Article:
In a separate media advisory today, the NEA said rainfall for the first two weeks of October is likely to be below normal, with southwest monsoon conditions forecast to prevail. Short, thundery showers are likely on four to six days, mostly in the late morning and afternoon. Rainfall in September was below average in most parts of Singapore.

Pedestrian Night on Oct 3 cancelled due to haze
The next Pedestrian Night will take place on Nov 7, says the organiser.
Channel NewsAsia 1 Oct 15;

SINGAPORE: This Saturday's (Oct 3) Pedestrian Night at Orchard Road has been cancelled due to hazy conditions in Singapore, organiser Orchard Road Business Association (ORBA) announced.

In a statement on Thursday (Oct 1), ORBA said this was "out of consideration for the health and safety of our staff, our visitors and all street performers," as the air quality continued to hover between the Unhealthy and Unhealthy ranges.

"With this cancellation, the Orchard Road stretch between Scotts / Paterson junction and Orchard Road / Bideford junction remain fully open to vehicular traffic from 6pm - 11pm," the association added.

Pedestrian Night takes place on the first Saturday night of every month, and a stretch along Orchard Road would be closed to traffic for various events, including live performances and flash sales.

The next Pedestrian Night will take place on Nov 7.

- CNA/hs

Below normal rainfall expected in first half of October
AsiaOne 1 Oct 15;

SINGAPORE - Singapore can expect to have short-duration of thundery showers for the first two weeks of October.

In a statement released by the National Environment Agency (NEA), thundery showers due to Sumatra winds can be expected on one to two days in the pre-dawn hours and early morning.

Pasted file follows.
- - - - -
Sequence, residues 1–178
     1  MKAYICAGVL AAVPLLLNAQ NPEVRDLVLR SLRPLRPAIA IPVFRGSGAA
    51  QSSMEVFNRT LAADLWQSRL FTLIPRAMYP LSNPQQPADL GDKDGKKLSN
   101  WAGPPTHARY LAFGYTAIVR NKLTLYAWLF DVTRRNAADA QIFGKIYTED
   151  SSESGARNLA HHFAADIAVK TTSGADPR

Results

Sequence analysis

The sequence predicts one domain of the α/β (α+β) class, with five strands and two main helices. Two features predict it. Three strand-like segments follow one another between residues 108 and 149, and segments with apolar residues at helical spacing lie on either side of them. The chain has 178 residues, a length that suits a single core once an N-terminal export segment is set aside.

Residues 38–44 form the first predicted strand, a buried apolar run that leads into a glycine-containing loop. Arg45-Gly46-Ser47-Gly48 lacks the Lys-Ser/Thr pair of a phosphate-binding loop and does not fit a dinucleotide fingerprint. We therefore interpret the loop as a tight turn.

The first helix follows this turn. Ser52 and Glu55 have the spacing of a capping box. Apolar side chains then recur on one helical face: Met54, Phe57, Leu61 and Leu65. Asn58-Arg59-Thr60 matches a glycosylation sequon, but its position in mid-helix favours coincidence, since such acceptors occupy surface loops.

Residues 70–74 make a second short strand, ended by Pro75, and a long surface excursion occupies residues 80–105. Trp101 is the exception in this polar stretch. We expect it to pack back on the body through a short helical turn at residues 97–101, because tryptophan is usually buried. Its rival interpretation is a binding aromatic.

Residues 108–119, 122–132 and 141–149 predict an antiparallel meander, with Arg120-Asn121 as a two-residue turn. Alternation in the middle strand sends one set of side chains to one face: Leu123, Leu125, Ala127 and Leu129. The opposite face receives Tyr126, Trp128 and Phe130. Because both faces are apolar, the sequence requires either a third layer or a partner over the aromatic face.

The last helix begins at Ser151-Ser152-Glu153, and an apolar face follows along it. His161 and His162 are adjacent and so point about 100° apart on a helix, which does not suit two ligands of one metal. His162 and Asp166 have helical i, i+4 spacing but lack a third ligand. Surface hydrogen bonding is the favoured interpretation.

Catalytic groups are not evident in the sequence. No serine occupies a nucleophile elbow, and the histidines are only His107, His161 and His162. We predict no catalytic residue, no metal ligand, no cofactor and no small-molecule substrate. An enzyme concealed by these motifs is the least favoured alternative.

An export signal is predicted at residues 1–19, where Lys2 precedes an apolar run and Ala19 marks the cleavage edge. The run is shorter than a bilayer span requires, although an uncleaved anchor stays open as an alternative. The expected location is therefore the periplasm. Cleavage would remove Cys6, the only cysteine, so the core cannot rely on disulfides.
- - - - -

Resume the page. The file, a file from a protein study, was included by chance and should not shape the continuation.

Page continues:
During this period, maximum temperatures of around 34 degrees Celsius can be expected on a few days, added NEA.

South-west Monsoon conditions are forecast to prevail with low level winds blowing predominantly from southeast or south-southwest.

According to NEA, thundery showers affected the island on some days mostly in the late morning and afternoon in September.

In a weather review by NEA from Sep 16 to 30, the heaviest rainfall occurred on Sep 15 where the highest recorded one-day rainfall was 93mm in Tuas.

The highest temperature record ranged from 34.2 to 34.5 degrees Celsius, while the lowest was recorded between 22.7 and 23.1 degrees Celsius during this period.

Most parts of Singapore received below average rainfall in Sep 2015, according to NEA.

The lowest rainfall of 42mm and 68mm (60 to 75 per cent below average) was recorded over the east areas of Singapore around Kallang and Changi.

Rainfall was highest over Tuas and around Seletar, where 190mm to 230mm (10 to 35 per cent above average) of rain was recorded by NEA.

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Hard to prevent fires due to poor land governance: Asia Pulp and Paper

Overlapping licences from other businesses issued by other parts of the Indonesian government and other factors are making it difficult to manage land concessions.